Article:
By Sarah E. Staggs ByPublished Feb 04, 2018 06:45:55The British Columbia Premier says she will propose legislation that would require a water quality review every year to update provincial water quality guidelines.
Premier Christy Clark says the legislation would also require a “rethink of how we have water quality requirements” in the province.
She says the proposed legislation would be part of the government’s plan to “revisit our water quality goals.”
In a news release, Clark says: “It is clear that the province of British Columbia has not met its water quality targets.”
The province has already been forced to revise water quality measures several times, most recently in the late 1980s and early 1990s.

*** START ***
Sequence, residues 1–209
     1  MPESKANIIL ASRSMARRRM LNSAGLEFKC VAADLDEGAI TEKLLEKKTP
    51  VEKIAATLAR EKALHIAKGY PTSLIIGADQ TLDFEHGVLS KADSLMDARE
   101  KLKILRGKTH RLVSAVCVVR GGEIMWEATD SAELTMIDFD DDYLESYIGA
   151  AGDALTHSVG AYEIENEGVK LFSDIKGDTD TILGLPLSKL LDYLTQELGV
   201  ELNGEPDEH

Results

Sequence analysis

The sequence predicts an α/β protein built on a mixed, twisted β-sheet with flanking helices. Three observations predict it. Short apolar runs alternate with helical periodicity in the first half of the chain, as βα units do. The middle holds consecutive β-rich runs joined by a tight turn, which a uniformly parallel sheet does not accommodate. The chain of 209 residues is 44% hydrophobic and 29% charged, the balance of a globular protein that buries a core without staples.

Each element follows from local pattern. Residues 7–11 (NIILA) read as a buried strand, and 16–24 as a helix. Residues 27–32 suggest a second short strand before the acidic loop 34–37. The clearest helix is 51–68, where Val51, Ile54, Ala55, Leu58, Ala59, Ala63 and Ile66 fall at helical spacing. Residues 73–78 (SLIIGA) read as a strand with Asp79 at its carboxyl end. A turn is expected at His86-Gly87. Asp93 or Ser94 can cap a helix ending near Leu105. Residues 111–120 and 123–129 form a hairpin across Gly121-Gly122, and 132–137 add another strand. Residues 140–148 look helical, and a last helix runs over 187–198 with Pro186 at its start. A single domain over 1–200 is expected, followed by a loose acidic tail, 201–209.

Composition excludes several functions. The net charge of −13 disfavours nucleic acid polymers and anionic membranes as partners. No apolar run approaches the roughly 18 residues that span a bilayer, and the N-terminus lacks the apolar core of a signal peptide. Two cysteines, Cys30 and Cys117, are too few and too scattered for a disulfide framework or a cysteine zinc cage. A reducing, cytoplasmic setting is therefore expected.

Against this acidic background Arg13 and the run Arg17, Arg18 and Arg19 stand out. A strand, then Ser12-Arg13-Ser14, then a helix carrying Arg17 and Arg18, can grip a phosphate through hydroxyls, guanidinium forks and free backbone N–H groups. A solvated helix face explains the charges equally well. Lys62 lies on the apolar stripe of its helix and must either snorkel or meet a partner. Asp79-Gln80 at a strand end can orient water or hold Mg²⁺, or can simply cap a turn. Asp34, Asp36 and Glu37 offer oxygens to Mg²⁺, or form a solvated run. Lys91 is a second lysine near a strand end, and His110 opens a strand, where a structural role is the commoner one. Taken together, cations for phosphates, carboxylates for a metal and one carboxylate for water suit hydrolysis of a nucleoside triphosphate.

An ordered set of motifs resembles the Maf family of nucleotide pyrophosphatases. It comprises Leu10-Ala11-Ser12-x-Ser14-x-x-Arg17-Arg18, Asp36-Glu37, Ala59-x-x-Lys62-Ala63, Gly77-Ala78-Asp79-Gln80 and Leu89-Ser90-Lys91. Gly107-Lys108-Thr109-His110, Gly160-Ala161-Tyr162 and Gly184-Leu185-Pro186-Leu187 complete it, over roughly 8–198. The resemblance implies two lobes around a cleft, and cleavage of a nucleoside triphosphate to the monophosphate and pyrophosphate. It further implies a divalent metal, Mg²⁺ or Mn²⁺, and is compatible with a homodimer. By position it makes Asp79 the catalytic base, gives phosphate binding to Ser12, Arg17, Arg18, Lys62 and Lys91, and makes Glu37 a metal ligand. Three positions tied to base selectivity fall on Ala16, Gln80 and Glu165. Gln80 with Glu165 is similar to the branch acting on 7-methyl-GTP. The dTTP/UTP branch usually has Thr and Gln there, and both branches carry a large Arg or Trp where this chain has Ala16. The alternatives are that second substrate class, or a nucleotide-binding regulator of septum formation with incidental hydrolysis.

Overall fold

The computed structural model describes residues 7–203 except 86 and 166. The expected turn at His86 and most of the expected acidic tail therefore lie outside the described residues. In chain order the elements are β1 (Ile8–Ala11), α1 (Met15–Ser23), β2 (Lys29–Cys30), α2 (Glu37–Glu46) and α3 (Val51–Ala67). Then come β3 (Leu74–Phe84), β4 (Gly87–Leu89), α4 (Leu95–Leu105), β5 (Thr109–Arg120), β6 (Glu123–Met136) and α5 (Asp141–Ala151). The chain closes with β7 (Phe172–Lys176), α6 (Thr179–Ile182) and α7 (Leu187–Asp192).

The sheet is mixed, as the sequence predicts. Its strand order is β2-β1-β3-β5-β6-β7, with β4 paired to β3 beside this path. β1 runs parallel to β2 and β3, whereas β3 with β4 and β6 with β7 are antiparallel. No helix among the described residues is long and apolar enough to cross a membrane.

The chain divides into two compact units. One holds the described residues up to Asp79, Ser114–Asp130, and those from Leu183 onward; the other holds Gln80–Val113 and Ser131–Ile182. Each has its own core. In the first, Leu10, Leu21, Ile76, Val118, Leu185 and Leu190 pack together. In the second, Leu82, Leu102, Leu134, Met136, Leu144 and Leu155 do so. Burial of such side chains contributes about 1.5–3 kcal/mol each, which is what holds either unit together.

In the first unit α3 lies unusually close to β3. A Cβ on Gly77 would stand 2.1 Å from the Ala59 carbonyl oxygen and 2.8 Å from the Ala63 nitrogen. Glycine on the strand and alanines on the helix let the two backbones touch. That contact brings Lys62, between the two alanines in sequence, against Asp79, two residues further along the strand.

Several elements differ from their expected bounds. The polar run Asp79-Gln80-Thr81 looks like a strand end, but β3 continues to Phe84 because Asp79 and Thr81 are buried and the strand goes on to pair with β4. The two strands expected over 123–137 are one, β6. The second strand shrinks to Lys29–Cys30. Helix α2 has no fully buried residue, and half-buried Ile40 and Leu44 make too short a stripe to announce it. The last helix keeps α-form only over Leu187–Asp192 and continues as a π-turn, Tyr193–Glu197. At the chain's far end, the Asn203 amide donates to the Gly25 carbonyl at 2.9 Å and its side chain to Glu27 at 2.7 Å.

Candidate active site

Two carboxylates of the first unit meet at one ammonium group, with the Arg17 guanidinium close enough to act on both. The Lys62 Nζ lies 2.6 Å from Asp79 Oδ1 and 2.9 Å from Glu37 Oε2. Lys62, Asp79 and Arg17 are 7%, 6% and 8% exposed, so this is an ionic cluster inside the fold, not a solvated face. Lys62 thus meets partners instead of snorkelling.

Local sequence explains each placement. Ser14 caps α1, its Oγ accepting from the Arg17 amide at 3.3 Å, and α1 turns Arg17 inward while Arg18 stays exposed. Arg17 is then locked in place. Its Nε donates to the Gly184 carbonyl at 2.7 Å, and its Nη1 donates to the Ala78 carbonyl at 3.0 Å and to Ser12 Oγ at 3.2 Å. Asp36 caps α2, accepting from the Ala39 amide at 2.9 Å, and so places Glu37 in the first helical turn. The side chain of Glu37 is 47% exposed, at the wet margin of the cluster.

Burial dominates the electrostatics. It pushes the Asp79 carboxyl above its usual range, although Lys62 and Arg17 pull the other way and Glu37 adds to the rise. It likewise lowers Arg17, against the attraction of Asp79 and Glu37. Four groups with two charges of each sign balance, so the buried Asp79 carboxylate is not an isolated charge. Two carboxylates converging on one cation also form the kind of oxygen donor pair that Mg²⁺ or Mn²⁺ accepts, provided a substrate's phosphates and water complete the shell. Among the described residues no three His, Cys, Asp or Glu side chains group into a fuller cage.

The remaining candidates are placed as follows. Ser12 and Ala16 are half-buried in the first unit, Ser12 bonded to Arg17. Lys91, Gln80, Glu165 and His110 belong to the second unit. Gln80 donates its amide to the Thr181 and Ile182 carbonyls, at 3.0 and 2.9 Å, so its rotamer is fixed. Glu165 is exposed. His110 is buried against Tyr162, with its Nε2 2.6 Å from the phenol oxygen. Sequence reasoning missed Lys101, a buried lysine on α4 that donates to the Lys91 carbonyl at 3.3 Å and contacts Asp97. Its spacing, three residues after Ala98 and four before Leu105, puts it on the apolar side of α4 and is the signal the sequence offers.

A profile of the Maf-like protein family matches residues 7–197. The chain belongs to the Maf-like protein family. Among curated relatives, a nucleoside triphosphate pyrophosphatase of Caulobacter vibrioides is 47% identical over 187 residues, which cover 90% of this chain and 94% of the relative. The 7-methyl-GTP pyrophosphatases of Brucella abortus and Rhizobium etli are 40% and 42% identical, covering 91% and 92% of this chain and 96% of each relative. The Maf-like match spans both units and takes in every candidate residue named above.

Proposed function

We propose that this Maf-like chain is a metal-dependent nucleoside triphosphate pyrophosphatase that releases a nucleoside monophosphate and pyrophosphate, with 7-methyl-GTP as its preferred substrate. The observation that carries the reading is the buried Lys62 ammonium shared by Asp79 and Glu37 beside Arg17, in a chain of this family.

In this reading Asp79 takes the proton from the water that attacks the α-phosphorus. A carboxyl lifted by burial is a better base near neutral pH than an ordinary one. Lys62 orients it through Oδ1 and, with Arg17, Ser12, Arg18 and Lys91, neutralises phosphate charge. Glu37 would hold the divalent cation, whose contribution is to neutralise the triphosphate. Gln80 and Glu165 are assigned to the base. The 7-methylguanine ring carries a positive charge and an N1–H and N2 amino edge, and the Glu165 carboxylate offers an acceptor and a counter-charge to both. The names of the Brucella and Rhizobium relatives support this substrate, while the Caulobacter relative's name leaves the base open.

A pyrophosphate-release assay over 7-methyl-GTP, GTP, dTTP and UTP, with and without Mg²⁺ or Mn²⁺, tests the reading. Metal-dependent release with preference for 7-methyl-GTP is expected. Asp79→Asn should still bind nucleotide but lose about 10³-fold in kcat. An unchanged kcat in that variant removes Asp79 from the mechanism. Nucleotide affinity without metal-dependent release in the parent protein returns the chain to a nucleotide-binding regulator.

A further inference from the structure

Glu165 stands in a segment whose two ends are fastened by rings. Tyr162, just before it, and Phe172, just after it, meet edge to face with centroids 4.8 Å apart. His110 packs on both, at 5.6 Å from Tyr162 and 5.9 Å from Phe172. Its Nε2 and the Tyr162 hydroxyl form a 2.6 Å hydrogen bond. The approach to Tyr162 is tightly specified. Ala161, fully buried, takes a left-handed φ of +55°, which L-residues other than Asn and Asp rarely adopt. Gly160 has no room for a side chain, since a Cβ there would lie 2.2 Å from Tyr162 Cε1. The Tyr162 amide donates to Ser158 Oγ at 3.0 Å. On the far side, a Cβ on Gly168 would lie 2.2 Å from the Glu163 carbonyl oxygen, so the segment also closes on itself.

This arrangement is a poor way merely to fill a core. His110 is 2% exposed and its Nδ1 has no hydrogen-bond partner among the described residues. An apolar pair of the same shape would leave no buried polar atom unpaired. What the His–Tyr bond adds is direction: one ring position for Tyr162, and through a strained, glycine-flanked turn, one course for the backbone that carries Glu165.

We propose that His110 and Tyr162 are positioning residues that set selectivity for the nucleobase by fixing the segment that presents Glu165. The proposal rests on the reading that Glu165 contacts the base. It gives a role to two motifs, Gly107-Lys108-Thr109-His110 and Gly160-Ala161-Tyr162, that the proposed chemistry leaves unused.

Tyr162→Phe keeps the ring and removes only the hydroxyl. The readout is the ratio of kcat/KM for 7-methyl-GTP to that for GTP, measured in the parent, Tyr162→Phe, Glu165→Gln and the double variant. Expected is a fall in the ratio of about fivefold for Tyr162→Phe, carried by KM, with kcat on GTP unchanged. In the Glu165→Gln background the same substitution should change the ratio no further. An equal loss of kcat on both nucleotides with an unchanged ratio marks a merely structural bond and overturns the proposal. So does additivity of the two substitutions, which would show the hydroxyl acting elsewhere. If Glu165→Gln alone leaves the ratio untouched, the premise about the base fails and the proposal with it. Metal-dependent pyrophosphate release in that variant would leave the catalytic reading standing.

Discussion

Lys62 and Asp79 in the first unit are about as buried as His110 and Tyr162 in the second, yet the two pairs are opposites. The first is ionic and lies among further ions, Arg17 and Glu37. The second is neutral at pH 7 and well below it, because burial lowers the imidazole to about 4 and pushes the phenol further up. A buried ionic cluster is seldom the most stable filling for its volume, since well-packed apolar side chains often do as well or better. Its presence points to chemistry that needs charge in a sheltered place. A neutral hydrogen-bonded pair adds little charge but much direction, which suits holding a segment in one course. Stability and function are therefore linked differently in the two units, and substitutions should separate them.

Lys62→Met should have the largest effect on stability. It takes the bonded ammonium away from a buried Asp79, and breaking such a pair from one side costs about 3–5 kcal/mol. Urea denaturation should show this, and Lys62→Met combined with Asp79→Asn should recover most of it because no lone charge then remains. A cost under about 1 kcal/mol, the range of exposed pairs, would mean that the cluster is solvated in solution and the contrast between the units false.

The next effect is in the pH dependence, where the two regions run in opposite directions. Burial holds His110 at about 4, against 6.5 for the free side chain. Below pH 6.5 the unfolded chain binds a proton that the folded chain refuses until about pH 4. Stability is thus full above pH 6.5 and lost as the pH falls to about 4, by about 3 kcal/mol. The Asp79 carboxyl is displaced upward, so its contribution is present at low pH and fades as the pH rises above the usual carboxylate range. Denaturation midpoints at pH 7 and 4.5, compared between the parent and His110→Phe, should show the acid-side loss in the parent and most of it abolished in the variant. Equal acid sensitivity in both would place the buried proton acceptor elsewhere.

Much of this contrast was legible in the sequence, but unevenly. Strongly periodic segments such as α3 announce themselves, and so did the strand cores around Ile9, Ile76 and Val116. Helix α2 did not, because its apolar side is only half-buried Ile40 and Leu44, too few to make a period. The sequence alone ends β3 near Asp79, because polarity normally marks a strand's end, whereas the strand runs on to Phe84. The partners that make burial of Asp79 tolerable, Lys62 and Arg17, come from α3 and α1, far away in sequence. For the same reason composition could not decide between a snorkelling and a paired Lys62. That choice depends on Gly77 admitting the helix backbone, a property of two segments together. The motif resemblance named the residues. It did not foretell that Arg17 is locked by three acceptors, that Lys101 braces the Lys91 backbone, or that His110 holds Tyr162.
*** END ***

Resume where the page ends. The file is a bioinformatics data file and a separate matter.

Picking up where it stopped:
The legislation would require an annual review to ensure the province meets its targets and also would require water quality assessments to be done by trained professionals.
Clark says that is necessary to ensure B.B.C.’s water quality is “in line with our environmental and social responsibility obligations.”
She says this is also necessary for ensuring the province can meet its environmental commitments, such as the province’s commitment to reduce emissions of greenhouse gases.
“Our water quality needs to be maintained and improved.
It is essential that this process is transparent and accountable to the public,” she says.
Clark did not immediately respond to a request for comment on her plan.
The issue of water pollution and glass splashbacks has been a contentious one for decades.
The issue has been brought up by politicians, activists and residents.
Clark, a former U.S. president, says her government’s efforts to address the issue have been “ambitious and courageous.”